"Just take your time," Steve says. "We'll all be here for you, until you're ready to come back." He ignores the glance Clint and Natasha share at this.
"Take heart," Thor says, clapping him on the shoulder. "Already you can demand your morning coffee from your machine servitors. This is good!"
Even Tony has to smile at that.
Steve comes back to the Tower one winter night, shaking snow off his hair and stamping it off his boots. He's never liked being the public face of the Avengers, but someone has to do it, and since Tony can't anymore, the job has fallen to him. He does what he can, smiling gamely at meet-and-greets, responding to interviews with rehearsed answers, looking noble and somber at charity events for war refugees. He's been told that he does a good job, but that doesn't make him like it. He's a soldier. He's meant to be out there fighting, not selling war bonds all over again.
Tonight's charity ball lasted well past midnight, and he's tired and stressed out. He could probably join Bruce in the lab or find Natasha awake in the library, but he doesn't want their company right now. There's only one person he wants to see – the one person who should have been with him tonight.
He heads down to the workshop and lets himself in. Even at this hour, Tony is wide awake and hard at work, standing in front of a holographic image of what looks like an enormous missile. It floats in mid-air, blue and hollow and deadly. Tony manipulates the image, turning it this way and that, tweaking things here and there. A faint frown line appears between his brows, which means he knows Steve is there, but he remains engrossed in his work.
Fighting as Iron Man is out of the question now; there are too many verbal commands for JARVIS, too many words on the HUD. But while words may stymie him now, pictures do not. Tony can work for hours down here, as long as he stays focused on images and wire constructs and actual physical objects. And even as Steve watches, this latest project slowly collapses down and he realizes that what he mistook for a missile is in fact an arrow.
The arrow hovers in the air for another few seconds, then Tony makes a curt gesture and it winks out of existence. He stands in the middle of all that empty space, looking very small.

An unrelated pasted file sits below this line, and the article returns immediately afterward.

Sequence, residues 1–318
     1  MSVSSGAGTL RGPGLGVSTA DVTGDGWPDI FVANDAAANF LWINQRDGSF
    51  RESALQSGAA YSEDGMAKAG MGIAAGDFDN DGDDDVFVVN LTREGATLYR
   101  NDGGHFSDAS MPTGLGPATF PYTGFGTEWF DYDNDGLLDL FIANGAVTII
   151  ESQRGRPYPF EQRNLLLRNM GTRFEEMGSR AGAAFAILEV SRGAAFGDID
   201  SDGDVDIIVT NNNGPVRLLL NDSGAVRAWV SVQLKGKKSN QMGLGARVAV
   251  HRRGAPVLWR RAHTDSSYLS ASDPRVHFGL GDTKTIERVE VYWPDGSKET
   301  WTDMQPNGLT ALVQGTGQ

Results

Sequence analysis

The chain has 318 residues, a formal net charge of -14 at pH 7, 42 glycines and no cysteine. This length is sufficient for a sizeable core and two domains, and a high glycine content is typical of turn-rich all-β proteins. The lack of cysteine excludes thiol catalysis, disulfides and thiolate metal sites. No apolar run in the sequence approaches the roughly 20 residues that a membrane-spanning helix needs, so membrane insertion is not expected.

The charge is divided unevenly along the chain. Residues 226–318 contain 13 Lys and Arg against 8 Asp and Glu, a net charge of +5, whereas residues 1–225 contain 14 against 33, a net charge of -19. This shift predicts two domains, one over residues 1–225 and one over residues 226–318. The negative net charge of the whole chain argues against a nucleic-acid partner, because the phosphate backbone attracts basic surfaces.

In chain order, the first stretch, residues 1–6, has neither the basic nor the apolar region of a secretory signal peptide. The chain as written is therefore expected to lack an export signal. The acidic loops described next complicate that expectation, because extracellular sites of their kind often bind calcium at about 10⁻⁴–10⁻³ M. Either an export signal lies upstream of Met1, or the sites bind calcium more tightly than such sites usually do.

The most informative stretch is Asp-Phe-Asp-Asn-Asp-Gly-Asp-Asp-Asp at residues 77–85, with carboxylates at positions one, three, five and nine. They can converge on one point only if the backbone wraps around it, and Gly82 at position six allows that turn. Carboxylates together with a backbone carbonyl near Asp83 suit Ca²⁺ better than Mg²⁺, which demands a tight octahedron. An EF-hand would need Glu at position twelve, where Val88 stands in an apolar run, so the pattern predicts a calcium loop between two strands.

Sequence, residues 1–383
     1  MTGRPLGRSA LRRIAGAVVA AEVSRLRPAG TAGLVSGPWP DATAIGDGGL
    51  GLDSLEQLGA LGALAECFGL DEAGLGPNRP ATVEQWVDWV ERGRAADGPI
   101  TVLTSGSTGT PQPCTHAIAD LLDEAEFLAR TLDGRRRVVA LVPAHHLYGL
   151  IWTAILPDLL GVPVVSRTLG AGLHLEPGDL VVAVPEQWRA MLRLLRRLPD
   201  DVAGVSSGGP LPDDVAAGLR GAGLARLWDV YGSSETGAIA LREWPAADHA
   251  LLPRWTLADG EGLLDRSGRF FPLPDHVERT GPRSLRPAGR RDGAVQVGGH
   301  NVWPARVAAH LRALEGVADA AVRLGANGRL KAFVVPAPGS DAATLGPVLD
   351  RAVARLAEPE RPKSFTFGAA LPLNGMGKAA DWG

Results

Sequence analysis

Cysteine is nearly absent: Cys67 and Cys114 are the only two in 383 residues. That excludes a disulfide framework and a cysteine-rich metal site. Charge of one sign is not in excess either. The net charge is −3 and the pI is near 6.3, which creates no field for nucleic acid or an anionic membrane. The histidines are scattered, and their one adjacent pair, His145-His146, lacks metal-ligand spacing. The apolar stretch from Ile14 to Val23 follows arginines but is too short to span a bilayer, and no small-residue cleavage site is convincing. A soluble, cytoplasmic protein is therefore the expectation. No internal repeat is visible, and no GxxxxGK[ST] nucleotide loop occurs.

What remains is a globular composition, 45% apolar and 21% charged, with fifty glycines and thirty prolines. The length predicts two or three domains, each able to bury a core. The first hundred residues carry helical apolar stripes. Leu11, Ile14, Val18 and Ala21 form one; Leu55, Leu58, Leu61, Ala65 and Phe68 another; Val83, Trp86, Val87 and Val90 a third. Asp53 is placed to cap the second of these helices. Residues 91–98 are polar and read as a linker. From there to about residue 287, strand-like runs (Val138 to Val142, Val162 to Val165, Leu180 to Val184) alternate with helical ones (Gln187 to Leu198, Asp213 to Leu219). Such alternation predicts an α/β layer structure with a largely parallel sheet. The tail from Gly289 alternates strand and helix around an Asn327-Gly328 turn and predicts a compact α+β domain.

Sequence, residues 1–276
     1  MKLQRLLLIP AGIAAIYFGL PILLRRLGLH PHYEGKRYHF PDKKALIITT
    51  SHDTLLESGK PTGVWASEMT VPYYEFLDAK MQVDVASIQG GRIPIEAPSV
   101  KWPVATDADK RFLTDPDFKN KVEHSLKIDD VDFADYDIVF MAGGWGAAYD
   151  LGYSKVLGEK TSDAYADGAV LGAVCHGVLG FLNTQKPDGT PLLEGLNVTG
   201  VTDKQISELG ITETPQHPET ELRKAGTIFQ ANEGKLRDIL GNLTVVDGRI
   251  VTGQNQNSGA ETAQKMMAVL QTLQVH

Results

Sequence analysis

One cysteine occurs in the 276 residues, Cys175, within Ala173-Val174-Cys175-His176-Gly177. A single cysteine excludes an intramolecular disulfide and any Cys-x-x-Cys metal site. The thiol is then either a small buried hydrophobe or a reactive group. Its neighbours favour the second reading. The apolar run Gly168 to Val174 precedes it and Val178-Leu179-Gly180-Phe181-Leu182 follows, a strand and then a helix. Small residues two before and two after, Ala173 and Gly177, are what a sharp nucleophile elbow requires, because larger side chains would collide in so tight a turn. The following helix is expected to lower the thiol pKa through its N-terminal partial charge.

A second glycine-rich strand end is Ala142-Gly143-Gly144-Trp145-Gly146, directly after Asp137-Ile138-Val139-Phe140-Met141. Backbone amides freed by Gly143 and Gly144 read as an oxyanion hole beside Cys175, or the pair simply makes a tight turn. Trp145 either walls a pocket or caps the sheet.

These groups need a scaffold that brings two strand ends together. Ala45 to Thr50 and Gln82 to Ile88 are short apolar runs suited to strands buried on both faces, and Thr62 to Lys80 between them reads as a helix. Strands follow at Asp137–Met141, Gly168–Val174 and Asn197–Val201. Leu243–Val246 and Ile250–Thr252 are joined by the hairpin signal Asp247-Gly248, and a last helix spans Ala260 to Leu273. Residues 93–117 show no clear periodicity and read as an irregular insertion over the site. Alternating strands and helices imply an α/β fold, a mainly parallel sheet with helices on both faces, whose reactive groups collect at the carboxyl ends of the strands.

Steve walks up behind him and puts his arms around him. He leans down a bit so he can nestle his chin on Tony's shoulder. "Hey."
Tony reaches up to clasp his wrist. "Hi," he says.
"It's cold out," Steve says. He turns his head and presses his cold nose against Tony's cheek. Tony yelps and bats at him, and Steve chuckles and pulls him closer. "I missed you."
"You…" Steve waits patiently, but Tony can't continue. Even now, months later, he still can't say Steve's name. He shakes his head, giving up rather than trying. Every line of his body is tight with tension and anger. He's always angry these days, made worse by the fact that he can't let it out in a torrent of ranting and cursing. Back in the beginning, when they all thought he would get better quickly and they could put this behind them, Clint joked that it was lucky Tony didn't have his own Hulk waiting to come out, or they would all be in trouble. Even Tony had smiled at that, although he had needed them to explain the concept to him in simple terms first.
There isn't much smiling these days. Mostly there's just anger and frustration.
Steve turns his head to one side again and nuzzles at Tony's neck. "I really did miss you." He presses a kiss to the underside of Tony's jaw. "A lot." He splays his hands flat on Tony's chest, possessively.
Tony turns in his embrace and grabs him, kisses him fiercely, steers him toward the workshop doors and the bedroom down the hall.
Some things require no words.
"I brought you something," Steve says at the end of March. He flicks his wrist, and the fedora sails across the room to land on Tony's lap.
"Funny," Tony says, rolling his eyes. He searches for the next word, finds it, loses it, snarls in frustration, then finds it again. "Very…funny."
Steve just smiles. It's hard to find much to laugh about these days, but he does his best. Even though he understands now why Tony's first word was "hat," he keeps making it a joke. It's one of the few they still share.
Besides, Tony does look good in a fedora.
In May they come home from another battle with Doom to find Tony in the kitchen, surrounded by scraps of paper and stacks of cookies in a wide assortment of flavors. "What happened in here?" Clint asks.
"It looks like Betty Crocker went crazy," Bruce says.